Like its predecessor S. 1757, S. 2192 incorporates a patently unconstitutional “Passport Revocation Act” (Section 1632, pp. 446-448), which would purport to authorize revocation or refusal to issue or renew a U.S. passsport, and the prohibition of departure from or return to the U.S., on the guilt-by-association basis of (1) an extrajudicial  administrative designation of an organization as a “foreign terrorist organization”, and (2) an extrajudicial  administrative determination by the State Department that a U.S. citizen is “affiliated” with such an organization (without the law defining the meaning of “affiliated”).

The number of references to the “unreviewable discretion” of officials and agencies has increased from 14 in S. 1757 to 17 in S. 2192.

S. 2192 also includes provisions from S. 1757 mandating government monitoring of activities and ideas expressed on social media, and the use of this surveillance data for making visa decisions and for “continuous screening” (continuous surveillance and control) of immigrants, foreign residents (including permanent residents), and foreign-citizen visitors to the U.S.

As the letter we sent today concludes, “We oppose these provisions in S.2192 and any other border security bill.”
Nov 16 2017

“Extreme Vetting” would be a #PreCrime #DigitalMuslimBan

Today The Identity Project joined 55 other civil rights, civil liberties, government accountability, human rights, immigrant rights, and privacy organizations in calling on the US Department of Homeland Security to abandon its Extreme Vetting Initiative.

The essential goal of the DHS Extreme Vetting Initiative is to extend the bogus “pre-crime” prediction algorithms and methods based on “big data” from suspicionless mass surveillance, already being used by the DHS and its partner agencies in the US and abroad to decide who is allowed to board airplanes, to a broader range of decisions about who is allowed to travel to, or reside or remain in, the US.

But the DHS doesn’t have any “pre-cogs”, human or robotic, to make these predictions. And prior restraint of our movements or other activities based on predictions of future criminality is not only impossible (and inherently subject to abuse by those who create the predictive and decision-making algorithms) but an affront to fundamental notions of justice, due process, and human rights.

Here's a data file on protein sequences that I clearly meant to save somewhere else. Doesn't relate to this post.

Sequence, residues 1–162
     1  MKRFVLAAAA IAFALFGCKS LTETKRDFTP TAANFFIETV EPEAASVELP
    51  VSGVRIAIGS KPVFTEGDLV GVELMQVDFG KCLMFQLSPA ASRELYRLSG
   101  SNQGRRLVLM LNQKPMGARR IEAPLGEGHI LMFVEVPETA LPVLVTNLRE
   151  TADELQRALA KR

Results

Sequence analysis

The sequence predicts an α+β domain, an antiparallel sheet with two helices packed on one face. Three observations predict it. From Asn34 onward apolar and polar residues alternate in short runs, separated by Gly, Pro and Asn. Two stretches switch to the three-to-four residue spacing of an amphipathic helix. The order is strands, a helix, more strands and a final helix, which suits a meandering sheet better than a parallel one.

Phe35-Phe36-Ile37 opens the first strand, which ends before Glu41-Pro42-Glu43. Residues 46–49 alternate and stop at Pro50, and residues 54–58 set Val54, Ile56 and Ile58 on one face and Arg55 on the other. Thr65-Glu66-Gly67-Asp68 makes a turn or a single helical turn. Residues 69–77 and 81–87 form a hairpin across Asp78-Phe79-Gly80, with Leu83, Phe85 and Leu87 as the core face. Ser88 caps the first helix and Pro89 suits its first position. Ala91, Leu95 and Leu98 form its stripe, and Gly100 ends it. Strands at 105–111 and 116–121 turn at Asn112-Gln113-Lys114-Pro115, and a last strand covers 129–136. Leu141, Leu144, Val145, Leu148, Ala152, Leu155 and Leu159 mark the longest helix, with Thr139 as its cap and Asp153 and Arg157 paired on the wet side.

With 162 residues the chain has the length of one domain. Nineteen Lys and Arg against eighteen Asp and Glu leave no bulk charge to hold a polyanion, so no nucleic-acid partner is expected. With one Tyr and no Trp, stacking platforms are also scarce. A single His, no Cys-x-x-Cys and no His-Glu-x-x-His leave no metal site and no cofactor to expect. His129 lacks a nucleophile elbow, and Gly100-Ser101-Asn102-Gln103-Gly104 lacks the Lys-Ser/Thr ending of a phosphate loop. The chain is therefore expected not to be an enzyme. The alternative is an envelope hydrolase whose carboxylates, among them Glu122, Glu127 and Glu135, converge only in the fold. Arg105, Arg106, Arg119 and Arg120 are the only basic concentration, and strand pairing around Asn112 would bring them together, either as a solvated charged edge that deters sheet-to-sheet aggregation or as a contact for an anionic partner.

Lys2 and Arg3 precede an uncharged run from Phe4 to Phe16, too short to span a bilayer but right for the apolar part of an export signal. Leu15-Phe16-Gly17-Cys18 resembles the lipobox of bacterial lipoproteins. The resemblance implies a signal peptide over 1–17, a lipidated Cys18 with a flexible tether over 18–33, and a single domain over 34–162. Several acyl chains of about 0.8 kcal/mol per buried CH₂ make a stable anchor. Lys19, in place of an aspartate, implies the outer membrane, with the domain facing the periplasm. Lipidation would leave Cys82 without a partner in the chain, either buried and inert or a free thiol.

According to a joint letter we sent today to the Acting Secretary of Homeland Security, Elaine Duke:

We write to express our opposition to Immigration & Customs Enforcement’s proposed new Extreme Vetting Initiative, which aims to use automated decision-making, machine learning, and social media monitoring to assist in vetting of visa applicants and to generate leads for deportation. As it is described in ICE documents, this program would be ineffective and discriminatory. It would also pose a signal threat to freedom of speech and assembly, civil liberties, and civil and human rights. We urge the Department of Homeland Security to abandon this effort….

The goal of the Extreme Vetting Initiative is to “develop processes that determine and evaluate an applicant’s probability of becoming a positively contributing member of society as well as their ability to contribute to national interests,” using analytic capabilities including machine learning.  ICE also seeks to “develop a mechanism/methodology that allows [the agency] to assess whether an applicant intends to commit criminal or terrorist acts after entering the United States.”